Fragments of a once-grand rotunda and shattered columns stand within a picturesque park. They’re all that’s left of Alabama’s old State Capitol.
From 1826 to 1846, Tuscaloosa served as the state capital. Its once-beautiful capitol building was completed in 1829, three years after Tuscaloosa was designated as the capital. It was an impressive sight; an architectural jewel that stood tall and proud for anyone passing by to admire.
But the building only acted as a seat of power for a couple of decades: the government decided to head elsewhere in 1846, and the former capitol building was then leased to the Alabama Central Female College. The college had a 99-year lease on the land, but their time within the building was sadly cut short.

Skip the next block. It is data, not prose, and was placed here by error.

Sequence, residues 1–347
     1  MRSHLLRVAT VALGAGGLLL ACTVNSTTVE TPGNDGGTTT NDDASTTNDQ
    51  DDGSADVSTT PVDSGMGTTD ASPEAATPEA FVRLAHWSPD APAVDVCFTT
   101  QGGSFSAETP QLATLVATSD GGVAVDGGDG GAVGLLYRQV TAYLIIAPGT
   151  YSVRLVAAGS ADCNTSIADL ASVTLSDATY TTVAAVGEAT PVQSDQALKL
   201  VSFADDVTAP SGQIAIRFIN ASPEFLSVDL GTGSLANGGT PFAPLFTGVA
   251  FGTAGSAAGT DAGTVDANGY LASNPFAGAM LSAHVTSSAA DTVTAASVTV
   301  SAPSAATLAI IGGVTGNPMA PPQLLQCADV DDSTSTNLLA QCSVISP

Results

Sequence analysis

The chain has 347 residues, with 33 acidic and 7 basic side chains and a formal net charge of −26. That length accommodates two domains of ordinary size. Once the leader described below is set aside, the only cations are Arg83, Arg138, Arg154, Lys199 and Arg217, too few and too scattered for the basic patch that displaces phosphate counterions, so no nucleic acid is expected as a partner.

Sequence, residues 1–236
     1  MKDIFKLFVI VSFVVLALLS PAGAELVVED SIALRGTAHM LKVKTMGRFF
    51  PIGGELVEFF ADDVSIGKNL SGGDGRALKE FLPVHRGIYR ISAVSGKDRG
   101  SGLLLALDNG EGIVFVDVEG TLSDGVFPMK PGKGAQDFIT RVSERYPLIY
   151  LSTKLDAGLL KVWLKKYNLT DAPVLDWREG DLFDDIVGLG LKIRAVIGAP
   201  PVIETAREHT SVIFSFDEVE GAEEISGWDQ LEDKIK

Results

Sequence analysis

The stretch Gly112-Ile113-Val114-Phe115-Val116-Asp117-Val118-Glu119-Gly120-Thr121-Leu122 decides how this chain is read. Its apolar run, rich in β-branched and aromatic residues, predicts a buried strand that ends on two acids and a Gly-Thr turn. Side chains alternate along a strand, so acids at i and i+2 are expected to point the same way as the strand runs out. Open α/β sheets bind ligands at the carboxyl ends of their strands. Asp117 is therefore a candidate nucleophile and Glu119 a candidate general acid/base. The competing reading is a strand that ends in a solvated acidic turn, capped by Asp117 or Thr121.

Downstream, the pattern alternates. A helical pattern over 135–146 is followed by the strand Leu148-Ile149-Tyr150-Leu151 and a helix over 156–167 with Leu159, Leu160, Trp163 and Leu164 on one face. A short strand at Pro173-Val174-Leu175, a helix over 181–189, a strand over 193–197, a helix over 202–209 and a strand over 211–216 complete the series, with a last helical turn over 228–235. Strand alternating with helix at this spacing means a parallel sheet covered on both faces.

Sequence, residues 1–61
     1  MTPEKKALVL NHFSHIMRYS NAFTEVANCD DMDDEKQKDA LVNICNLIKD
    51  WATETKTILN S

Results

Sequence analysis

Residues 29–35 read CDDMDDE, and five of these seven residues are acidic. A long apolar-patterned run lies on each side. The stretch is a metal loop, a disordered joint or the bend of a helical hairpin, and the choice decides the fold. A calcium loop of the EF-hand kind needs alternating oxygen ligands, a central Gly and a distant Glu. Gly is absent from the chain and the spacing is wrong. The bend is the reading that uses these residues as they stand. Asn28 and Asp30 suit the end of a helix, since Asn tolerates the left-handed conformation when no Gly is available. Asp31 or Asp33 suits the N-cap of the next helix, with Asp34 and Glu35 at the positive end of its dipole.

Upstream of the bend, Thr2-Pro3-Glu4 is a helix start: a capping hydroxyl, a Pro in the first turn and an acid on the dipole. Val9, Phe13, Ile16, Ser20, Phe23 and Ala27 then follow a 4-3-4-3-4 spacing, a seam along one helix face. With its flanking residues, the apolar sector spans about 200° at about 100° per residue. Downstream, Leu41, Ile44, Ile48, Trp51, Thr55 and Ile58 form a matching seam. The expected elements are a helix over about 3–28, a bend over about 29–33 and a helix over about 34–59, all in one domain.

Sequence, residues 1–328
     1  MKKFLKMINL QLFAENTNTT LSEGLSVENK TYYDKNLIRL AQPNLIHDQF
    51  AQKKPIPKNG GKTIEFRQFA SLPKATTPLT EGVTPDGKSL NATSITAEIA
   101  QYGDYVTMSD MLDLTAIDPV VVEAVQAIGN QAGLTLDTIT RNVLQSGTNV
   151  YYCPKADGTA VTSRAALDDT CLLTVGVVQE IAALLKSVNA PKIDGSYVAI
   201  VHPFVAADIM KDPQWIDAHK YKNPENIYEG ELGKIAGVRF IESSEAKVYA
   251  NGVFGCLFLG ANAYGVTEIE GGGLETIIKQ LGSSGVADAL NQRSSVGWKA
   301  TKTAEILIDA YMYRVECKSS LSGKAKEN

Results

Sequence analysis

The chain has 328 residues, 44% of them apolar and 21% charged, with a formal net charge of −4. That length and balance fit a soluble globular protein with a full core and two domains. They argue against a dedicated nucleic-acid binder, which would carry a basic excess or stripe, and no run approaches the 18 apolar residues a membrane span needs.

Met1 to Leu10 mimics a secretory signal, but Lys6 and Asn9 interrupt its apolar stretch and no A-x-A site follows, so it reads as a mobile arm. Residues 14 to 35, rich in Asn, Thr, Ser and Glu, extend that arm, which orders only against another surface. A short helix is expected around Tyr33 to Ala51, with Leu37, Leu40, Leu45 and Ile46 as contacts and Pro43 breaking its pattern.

In 1923, the building caught fire while a construction worker was doing routine repairs. The flames spread quickly, engulfing the structure and sending it to its fiery demise.
People salvaged what they could from the ruins. Bricks were plucked from the ashes and used to construct homes around the city. Other more decorative scraps were used to adorn people’s yards, but fortunately, bits of the building remained in their original spot. It’s now a public park that offers a peaceful respite from city life. As a bonus, the ruins also make a fantastic backdrop for photos.
Visit Alabama with Atlas Obscura Trips
Smokestacks and Iron: Night Photography at Alabama's Sloss Furnaces
Join us, August 28–September 1, for a deep dive into composition, exposure, and black and white photography as we explore the imposing industrial remains of the historic Sloss Furnaces after dark, camera in hand.